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Hollis Brown Thornton

Hollis Brown Thornton is an artist working mostly with mixed media, primarily Moleskine pages and permanent marker. He does acrylics and pigment transfer to create absolutely stunning pieces that blend dated moments to the forefront of our memories with dream-like swirls, dots, scratches and highlights. Very wonderful.

In Case You’d Been Keeping Score

Here is the world’s most boring use of a high school marching band for self-indulgent “rock’n'roll” purposes.

Did You Know? -Booth, Lincoln Edition

Abraham Lincoln’s only surviving son, Robert Todd, fell on the train tracks in Jersey City in 1863.

He was pulled up to safety by John Wilkes Booth’s older brother, Edwin.

Edwin was known as one of the world’s greatest Shakespearean actors, and was the son of Junius Brutus Booth, another famous actor in his day (and an alcoholic). A statue is dedicated to him in Gramercy Park, NYC.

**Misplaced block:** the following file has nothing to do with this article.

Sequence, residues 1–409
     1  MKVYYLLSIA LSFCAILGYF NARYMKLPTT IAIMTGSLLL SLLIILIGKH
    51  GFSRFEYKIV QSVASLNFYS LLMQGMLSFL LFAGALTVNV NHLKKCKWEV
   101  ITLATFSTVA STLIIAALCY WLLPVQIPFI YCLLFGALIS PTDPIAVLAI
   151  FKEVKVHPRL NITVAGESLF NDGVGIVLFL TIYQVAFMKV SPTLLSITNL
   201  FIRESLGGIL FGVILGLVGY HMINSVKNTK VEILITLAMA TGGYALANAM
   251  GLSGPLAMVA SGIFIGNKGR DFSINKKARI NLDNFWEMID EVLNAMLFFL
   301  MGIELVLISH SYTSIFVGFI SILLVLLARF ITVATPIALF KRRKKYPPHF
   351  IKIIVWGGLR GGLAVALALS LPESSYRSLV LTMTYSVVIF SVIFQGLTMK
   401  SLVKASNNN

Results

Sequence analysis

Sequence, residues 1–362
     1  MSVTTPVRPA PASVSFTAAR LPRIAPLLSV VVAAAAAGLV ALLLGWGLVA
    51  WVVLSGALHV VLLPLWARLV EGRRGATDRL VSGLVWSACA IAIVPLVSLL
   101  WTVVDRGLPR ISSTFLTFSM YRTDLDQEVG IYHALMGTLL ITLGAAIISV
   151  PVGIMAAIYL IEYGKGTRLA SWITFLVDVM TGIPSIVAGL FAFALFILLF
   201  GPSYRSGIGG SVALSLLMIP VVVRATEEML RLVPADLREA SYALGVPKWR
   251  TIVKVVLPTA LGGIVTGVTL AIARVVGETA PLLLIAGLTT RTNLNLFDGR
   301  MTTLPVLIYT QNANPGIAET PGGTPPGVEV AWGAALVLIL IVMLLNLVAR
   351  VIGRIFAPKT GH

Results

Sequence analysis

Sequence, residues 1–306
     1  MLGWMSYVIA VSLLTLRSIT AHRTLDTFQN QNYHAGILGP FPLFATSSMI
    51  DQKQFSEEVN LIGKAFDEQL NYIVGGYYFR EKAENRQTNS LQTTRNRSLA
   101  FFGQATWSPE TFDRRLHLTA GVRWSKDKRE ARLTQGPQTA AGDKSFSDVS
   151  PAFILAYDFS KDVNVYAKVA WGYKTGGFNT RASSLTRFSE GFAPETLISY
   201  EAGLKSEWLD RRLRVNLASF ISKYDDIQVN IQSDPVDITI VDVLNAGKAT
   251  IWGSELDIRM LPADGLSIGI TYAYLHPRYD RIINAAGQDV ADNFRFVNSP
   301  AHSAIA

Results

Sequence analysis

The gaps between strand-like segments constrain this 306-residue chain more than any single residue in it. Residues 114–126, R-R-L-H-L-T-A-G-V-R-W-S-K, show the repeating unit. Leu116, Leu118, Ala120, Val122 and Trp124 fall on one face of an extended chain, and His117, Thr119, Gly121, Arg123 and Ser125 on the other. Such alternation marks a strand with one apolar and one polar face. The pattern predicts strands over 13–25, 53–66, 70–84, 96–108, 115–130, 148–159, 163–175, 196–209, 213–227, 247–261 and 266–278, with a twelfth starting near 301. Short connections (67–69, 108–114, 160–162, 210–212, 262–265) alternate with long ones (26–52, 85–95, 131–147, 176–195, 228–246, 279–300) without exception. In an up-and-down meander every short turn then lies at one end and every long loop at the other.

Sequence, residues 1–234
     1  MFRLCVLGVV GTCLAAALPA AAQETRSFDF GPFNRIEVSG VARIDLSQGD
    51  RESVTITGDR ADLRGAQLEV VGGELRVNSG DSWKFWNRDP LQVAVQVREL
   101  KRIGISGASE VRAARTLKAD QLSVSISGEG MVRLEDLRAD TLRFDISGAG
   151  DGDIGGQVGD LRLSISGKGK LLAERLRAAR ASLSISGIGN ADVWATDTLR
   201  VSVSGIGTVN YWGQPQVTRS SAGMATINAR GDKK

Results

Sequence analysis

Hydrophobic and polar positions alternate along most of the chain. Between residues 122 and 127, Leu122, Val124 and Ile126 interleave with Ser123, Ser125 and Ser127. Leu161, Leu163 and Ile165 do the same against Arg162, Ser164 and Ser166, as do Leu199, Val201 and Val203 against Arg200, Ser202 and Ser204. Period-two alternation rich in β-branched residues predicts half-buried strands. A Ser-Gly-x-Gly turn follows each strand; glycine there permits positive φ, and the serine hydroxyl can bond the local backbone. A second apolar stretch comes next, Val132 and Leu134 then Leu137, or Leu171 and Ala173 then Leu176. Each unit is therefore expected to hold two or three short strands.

Robert Todd Lincoln was present at two other Presidential assassinations, but was asleep in bed the night his father was shot by John Wilkes Booth. He was present for Garfield’s assassination at the Sixth Street Train Station in Washington, D.C. by Charles J. Guiteau on July 2, 1881, at McKinley’s assassination at the Pan-American Exposition in Buffalo, New York where the President was shot by Leon F. Czolgosz on September 6, 1901.

The night President Lincoln was murdered at Ford’s Theater, he and Mary Todd were accompanied by Henry Rathbone, a military officer, and his new fiancĂ©e, Clara Harris. When Booth shot Lincoln, Rathbone made an attempt to stop his fleeing, but failed. He was stabbed several times by Booth before he jumped from the box to the stage and made his escape, despite a broken leg.

For years, Rathbone was haunted by –and in some circles, blamed for– Booth’s escape and resulting two week attempt at hiding. He recovered from his wounds, married Harris, and they had three children. He never mentally recovered, though, and in 1883 murdered his wife, and attempted to murder his three children as well. He was institutionalized and died in 1911.

His son, Henry Riggs Rathbone, went on to become a Republican Congressman from Illinois, Lincoln’s home state.